His scholarly works includes critical interpretations of Byzantine and Serbian medieval documents, studies regarding medieval historiography and various monographs devoted to the Serbian monasteries of Bosnia (Tvrdoš, Duži, Zavala) to the relations between the Serbs of Montenegro and Muslims in Albania.
Mount Athos and Hilandar ("Sveta Gora i Hilandar") was published by the Hilandar monastic brotherhood in 1985. Ćorović did not manage to finish the work, which was untitled, due to the Axis invasion of Yugoslavia in April 1941.
His book on diplomatic and political history, regarding relations between Serbia and Austria-Hungary in the early twentieth century, was prevented from being distributed in 1936, after the ambassador of Nazi Germany intervened at the Yugoslav Foreign Ministry, labelling Ćorović detailed scholarly work (based on published diplomatic correspondence and unpublished sources in various languages) as alleged anti-German propaganda. For similar reasons, the first volume of diplomatic correspondence of Serbia, prepared also by Vladimir Ćorović was never officially published, again at the demand of Nazi German representatives for its allegedly anti-German attitudes.
For his open anti-Nazi activities prior to the World War II, Vladimir Čorović was forced to leave the country in order to evade being incarcerated or sent to a concentration camp. Following the Royal Yugoslav Government on its way to exile he was killed in a plane crash on 12 April 1941 somewhere in Greece.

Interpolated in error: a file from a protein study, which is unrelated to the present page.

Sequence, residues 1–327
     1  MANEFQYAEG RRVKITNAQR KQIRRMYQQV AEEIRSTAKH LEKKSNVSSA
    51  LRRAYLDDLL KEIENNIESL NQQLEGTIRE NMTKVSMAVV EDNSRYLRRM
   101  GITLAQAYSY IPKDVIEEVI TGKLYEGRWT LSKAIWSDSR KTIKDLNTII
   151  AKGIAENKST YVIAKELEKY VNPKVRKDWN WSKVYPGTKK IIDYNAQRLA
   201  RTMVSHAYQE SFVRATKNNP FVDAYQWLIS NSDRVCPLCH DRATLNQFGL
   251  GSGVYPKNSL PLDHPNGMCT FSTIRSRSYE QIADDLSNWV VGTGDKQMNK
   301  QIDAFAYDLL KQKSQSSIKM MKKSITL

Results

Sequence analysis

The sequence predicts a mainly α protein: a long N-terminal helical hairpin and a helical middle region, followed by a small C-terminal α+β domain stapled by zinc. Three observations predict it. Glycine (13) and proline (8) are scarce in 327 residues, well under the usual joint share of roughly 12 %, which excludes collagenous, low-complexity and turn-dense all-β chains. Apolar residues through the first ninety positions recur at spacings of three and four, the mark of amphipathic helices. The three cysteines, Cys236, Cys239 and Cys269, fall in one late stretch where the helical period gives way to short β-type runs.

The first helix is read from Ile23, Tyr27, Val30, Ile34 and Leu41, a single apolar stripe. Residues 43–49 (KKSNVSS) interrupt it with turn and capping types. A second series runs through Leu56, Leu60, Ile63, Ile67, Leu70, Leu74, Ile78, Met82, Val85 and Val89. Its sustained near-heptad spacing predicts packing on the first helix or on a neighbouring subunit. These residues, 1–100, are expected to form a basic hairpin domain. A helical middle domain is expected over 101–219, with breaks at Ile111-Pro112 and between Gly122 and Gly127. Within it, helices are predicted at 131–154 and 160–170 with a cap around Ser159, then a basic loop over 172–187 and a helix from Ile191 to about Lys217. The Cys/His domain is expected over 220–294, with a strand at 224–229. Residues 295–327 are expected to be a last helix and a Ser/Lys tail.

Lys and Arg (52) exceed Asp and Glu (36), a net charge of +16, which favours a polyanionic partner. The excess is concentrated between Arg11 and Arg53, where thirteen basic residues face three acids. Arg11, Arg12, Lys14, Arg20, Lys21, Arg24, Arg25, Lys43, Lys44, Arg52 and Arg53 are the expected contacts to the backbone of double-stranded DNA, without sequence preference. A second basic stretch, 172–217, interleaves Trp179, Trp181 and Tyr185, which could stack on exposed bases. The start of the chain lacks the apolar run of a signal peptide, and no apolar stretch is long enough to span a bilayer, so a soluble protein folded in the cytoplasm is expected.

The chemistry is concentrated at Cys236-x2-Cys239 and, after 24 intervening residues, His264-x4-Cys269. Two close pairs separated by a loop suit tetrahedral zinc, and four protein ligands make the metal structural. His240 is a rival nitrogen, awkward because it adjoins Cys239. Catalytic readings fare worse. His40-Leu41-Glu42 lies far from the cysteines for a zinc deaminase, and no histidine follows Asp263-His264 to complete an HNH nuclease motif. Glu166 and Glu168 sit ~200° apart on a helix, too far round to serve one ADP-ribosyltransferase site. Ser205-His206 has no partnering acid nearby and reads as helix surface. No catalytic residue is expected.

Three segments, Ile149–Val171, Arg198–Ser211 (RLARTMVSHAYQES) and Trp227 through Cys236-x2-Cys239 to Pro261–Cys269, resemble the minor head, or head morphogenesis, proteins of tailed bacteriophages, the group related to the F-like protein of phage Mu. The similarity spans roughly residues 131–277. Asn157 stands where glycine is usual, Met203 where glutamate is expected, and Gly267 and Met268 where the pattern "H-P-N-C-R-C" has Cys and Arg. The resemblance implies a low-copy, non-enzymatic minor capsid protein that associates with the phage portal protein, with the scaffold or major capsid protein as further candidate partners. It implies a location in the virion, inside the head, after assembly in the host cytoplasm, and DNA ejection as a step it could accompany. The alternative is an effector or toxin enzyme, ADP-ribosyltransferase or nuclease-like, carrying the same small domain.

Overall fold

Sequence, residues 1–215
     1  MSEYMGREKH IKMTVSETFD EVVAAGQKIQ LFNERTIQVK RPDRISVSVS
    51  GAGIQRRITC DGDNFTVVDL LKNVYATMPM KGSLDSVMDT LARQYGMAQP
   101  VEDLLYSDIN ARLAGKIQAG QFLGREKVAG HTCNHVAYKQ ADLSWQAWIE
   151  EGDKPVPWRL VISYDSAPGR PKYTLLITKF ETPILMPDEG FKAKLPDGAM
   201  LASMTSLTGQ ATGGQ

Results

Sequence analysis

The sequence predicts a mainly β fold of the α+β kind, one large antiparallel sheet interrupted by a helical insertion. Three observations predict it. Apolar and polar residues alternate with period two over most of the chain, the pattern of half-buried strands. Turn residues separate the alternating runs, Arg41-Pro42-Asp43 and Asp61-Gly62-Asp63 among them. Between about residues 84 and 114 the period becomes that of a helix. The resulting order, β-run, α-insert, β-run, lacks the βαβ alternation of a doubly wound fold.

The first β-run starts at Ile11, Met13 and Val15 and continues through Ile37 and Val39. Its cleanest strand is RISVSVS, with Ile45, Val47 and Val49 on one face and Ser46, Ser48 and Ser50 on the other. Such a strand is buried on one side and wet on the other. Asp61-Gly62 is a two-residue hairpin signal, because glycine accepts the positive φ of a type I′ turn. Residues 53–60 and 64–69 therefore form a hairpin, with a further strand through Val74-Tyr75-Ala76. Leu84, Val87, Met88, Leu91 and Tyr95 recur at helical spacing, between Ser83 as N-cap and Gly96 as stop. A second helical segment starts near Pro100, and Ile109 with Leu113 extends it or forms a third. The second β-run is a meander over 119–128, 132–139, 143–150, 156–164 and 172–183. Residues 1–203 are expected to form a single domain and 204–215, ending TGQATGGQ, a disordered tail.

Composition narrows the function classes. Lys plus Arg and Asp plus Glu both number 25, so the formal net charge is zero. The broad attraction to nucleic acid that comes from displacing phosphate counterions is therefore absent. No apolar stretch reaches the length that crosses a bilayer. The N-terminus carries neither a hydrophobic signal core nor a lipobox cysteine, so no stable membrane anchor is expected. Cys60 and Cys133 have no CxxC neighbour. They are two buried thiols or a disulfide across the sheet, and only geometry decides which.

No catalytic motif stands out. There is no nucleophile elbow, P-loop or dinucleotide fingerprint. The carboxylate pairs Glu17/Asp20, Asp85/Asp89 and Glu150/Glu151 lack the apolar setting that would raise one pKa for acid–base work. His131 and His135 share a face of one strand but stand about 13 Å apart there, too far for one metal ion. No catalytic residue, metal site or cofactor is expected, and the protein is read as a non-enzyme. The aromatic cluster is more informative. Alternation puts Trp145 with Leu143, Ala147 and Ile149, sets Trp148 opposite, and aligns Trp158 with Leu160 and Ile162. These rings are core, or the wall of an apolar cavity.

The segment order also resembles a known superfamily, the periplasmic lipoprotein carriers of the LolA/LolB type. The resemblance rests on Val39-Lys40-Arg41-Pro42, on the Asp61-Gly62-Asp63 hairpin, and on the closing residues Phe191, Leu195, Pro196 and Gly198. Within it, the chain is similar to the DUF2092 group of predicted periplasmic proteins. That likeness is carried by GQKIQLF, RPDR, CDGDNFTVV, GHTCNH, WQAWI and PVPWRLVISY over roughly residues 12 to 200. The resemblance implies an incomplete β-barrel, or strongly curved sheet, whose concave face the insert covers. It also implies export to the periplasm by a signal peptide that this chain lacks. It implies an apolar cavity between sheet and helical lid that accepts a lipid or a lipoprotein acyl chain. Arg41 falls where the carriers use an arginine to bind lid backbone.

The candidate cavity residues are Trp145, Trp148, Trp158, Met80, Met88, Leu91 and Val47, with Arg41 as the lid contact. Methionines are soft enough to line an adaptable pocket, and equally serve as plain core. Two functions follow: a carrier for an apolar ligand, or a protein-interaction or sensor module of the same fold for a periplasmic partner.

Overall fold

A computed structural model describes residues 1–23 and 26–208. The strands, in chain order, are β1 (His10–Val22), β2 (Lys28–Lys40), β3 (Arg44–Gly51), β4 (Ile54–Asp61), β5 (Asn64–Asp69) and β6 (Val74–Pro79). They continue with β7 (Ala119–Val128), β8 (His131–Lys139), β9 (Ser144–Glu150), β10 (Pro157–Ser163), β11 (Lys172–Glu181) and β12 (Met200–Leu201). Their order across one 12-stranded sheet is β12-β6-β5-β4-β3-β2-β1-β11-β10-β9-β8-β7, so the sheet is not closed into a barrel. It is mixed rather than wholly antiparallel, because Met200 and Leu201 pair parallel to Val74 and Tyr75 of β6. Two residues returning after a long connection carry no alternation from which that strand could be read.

- Vojislav Ilić (Mostar, 1906)
- Srpske narodne pripovijetke (Matica srpska, Novi Sad, 1909)
- Pokreti i dela (Geca Kon, Beograd, 1920)
- Crna Knjiga. Patnje Srba Bosne i Hercegovine za vreme svetskog rata 1914-1918. (Beograd, 1920)
- Velika Srbija (Narodno delo, Beograd, 1924)
- Bosna i Hercegovina (Srpska književna zadruga, Beograd, 1927)
- Luka Vukalović i hercegovački ustanci od 1852-1862 (Srpska kraljevska akademija: Beograd, 1923)
- Ujedinjenje (Narodno delo, Beograd, 1928)
- Mostar i njegova srpska pravoslavna opština (Beograd, 1933)
- Istorija Jugoslavije (Narodno delo, Beograd, 1933)
- Odnosi između Srbije i Austrougarske u XX veku (Državna štamparija Kraljevine Jugoslavije, Beograd, 1936)
- Političke prilike u Bosni i Hercegovini, Politika, Beograd 1939
- Historija Bosne, vol. I (Srpska kraljevska akademija, Beograd, 1940).
- Sveta Gora i Hilandar do XVI veka, (Beograd 1985).
- Istorija Srba, vol. I-III (BIGZ, Beograd, 1989).
- Portreti iz novije srpske istorije, Srpska književna zadruga, Beograd 1990, ed. by D. T. Bataković)
- Istorija srpskog naroda (Ars Libri, Beograd, 1997)
- Bataković, Dušan T., ed. (2005). Histoire du peuple serbe. Lausanne: L’Age d’Homme.
- Samardžić, Radovan (1976). "Vladimir Ćorović: Poslednji polihistorik". Pisci srpske istorije. Belgrade: Prosveta: 245–253.
- Samardžić, Radovan (2014). "Vladimir Ćorović: The last polyhistor". Balcanica. 45: 435–442.
- Dušan T. Bataković, "Skica za portret jednog istoričara", in, Portreti iz novije srpske istorije", SKZ, Beograd 1990, pp. 283–312.
- Jeremija D. Mitrović, "Bibliografija Vladimira Ćorovića", Istorijsli glasnik, 1-2, Beograd, 1976, pp. 205–313.
- The names of the martyrs for the idea must be disclosed and recorded on the pages of the history of this movement, which, like all those until now, will confirm how this phenomenon has continually repeated itself in our past and has almost acquired the form of a periodical national event. — Vladimir Ćorović, The Black Book